The Pickett Society in Gettysburg
September 23-September 25, 2005
L-R seated: Shirley Ferguson, Kathy Georg Harrison, Mais Liis, Anne Edwards, Dan Paterson, Pete Pickett, Shaa Pickett, Vivien Rendleman. L-R standing: Billie Earnest, Pat Wood, Suzi Zbar, Julie Maennik, Tom Conzo, Gordon Gourlay, John Margherita, Trevor Benson, Roy Pope, Lynn Pope, Regan Pickett and Marilyn Bohm.
Beginning our Gettysburg odyssey on Friday evening at the old Washington Street train station where war veterans arrived for reunions until the early 1900's seemed appropriate. The railroad cars themselves are vintage and transported tourists and other interested parties over the battlefields and across Little Round Top until 1937 when the government decided that trains should not routinely traverse hallowed ground.
The Gettysburg 1797 Hotel was a good place to put information packets in everyone's hands. Dinner was served in the Gettysburg Express dining car within minutes after we left the historic station.
The view from the open-air double-decked car was magnificent. Between viewing the grim reminders of the fighting that occurred in Gettysburg--the railroad cut and the site of the first day's battlefield and the icehouse near town where many of the fatalities were stacked after the campaign ended--we also viewed orchards and facilities where numerous American fruit products originate, as well as farms, their buildings still intact, that withstood the brutality of the Gettysburg campaign. Many of the farmhouses and barns that stand today were used as hospitals or headquarters during July 1863. We viewed part of Maj. Gen. George E. Pickett's division's route of march as well as where the division camped prior to the battle.Brunch at the Gettysburg 1797 Hotel on Saturday was plentiful, delicious, and offered us a multitude of breakfast delights in a lovely setting. The Society's new tee shirt commemorating Gen. Pickett's Gettysburg charge was well received and nearly sold out. Kathy Georg Harrison, senior historian at Gettysburg National Military Park, joined us and set the mood for our special day during which we would walk the actual route of Pickett's Charge when Generals James Lawson Kemper, Richard Garnett and Lewis Addison Armistead, leading their brigades, marched into lasting military history in 1863.
Brunch at Gettysburg 1797 Hotel was abundant and delicious fare. Roy and Lynn Pope aniticpated the upcoming battlefield visit as Dale and Clay Pickett (background) enjoyed some vitamin C. Pete Pickett was surrounded by ladies except for Dan Gilham who was seated to Pete's left.
The artwork we used for our newest Pickett tee shirt came from "Into the Jaws of Hell," a new painting by Ron Lesser. As you can see, we're sticking with tan pocket tees. Dale Pickett wore General Pickett "In the Line of Fire and Duty." Tom Conzo made a statement with a shirt from his own collection.
Stepping Back in Time
We began retracing the route of Pickett's Charge west of Seminary Ridge and south of the Virginia monument in Spangler Woods. During the Gettysburg Campaign, fewer trees grew in the area because the farmers harvested them as well as the undergrowth. The trees were kept in groves and not allowed to spread. Farmers used the wood for building material and the undergrowth for fodder or kindling. Keeping the undergrowth in check was a good fire preventative. Since the trees weren't dense and the canopies weren't allowed to grow very high, the east coast native white oak trees thrived there. Kathy pointed out trees marked for destruction by the conservationists who are working for the park in an effort to return the battlefield to its 1863 appearance and to create healthier trees.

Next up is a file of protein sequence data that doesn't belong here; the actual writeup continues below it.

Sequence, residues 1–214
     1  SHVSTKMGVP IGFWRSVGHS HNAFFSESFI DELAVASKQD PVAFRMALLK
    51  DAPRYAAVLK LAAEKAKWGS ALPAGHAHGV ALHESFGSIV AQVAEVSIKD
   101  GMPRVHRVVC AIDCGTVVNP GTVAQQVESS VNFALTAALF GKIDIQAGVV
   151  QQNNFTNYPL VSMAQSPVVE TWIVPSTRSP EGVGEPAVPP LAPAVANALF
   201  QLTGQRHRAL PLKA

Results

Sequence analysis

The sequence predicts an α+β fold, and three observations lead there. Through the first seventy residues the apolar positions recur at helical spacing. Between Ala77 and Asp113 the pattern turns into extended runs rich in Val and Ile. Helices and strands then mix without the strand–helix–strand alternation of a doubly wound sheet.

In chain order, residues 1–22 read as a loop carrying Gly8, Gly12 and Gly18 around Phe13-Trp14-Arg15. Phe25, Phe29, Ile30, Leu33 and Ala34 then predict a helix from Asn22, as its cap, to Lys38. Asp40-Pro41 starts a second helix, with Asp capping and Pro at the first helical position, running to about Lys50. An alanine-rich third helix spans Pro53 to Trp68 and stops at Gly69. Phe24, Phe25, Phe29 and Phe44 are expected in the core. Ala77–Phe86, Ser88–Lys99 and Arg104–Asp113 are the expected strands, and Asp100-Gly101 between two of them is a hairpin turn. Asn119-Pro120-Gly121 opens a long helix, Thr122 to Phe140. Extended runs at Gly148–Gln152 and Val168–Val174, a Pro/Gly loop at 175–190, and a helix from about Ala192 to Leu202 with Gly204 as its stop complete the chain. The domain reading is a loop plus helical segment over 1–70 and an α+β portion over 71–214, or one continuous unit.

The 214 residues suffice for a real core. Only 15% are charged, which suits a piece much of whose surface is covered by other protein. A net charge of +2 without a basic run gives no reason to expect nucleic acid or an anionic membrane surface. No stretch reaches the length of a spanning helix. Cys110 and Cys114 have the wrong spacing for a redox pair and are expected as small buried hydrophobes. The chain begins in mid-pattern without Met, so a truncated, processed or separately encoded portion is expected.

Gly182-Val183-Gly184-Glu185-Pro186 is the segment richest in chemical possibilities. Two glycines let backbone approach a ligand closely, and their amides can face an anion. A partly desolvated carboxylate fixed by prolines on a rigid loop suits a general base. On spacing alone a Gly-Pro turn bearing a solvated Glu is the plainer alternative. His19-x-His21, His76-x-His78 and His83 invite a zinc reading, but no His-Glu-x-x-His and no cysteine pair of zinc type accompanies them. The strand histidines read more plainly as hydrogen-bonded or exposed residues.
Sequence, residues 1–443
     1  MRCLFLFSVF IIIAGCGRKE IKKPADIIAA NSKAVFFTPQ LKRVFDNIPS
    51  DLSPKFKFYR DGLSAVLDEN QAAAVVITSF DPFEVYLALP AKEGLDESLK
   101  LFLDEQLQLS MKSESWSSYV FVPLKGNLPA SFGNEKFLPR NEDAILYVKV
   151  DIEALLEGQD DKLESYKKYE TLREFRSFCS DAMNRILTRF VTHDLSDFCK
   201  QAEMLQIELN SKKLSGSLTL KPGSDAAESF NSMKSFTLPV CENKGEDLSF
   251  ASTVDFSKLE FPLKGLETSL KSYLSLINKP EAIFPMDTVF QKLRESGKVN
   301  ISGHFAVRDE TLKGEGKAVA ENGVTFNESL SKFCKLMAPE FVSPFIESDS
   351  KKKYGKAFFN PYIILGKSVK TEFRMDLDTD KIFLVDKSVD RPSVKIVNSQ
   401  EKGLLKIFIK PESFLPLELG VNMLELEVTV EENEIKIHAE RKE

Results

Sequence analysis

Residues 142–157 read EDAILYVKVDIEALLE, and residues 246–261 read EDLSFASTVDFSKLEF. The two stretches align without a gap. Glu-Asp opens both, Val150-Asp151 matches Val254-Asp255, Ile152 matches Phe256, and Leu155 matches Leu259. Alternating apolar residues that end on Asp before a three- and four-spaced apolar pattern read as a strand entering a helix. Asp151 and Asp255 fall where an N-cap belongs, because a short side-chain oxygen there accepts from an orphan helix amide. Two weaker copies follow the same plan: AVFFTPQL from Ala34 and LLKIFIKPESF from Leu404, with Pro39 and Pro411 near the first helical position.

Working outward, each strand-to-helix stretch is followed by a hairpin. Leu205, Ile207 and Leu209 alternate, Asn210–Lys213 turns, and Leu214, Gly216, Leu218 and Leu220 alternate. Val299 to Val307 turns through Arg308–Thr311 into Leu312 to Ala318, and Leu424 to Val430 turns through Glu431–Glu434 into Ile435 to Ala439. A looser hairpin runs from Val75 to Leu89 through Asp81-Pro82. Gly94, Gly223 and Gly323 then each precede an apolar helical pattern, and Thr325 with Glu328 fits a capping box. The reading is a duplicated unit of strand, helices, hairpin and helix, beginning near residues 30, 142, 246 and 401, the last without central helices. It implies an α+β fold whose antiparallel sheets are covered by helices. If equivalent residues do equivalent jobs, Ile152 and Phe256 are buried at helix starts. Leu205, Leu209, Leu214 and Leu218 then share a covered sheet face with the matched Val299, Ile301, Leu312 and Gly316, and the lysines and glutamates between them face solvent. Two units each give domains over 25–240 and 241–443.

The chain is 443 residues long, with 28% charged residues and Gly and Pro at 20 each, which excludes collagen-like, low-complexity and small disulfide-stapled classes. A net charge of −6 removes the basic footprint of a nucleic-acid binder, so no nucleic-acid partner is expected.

(LEFT) During 1863, the growth of trees was not as dense as it is today. The undergrowth seen here would have been harvested by the farmers. The trees were kept in groves and not allowed to spread.
Gen. Pickett rode nearly the entire length of his line, regiment by regiment, giving the command, "Forward," beginning with Armistead's brigade, which was closest in proximity to the commander.
The order of battle and placement of soldiers had been established during the very early hours of July 3rd at the division's camp at Marsh Creek. When Pickett's men arrived at the point where we stood, it became clear that they could not advance as a common unit because of the terrain. Armistead's brigade was ordered to remain behind Kemper and Garnett during the advance. The position of the brigades placed Kemper and his men about 300 yards further from the objective than were the other units; Kemper and his men stepped off first.
Looking back at the Pitzer farmhouse, used by Gen. Longstreet and Gen. Hill as headquarters at different times during the Gettysburg Campaign, and glancing ahead towards the Codori farm, it was evident that Kemper's brigade could not see the Union forces nor could they be seen by the enemy at that point. As they advanced in a northeasterly direction, Kemper's men were the first to reach the Emmittsburg Road and soon were under heavy artillery fire from Little Round Top, musket fire from skirmishers and Stannard's Vermonters. They benefited from strong discipline by not stopping to return the fire. Many of the soldiers later wrote in diaries or letters that the enfilading fire was particularly devastating because the artillery fire hit, bounced and rolled along their lines, creating maximum damage.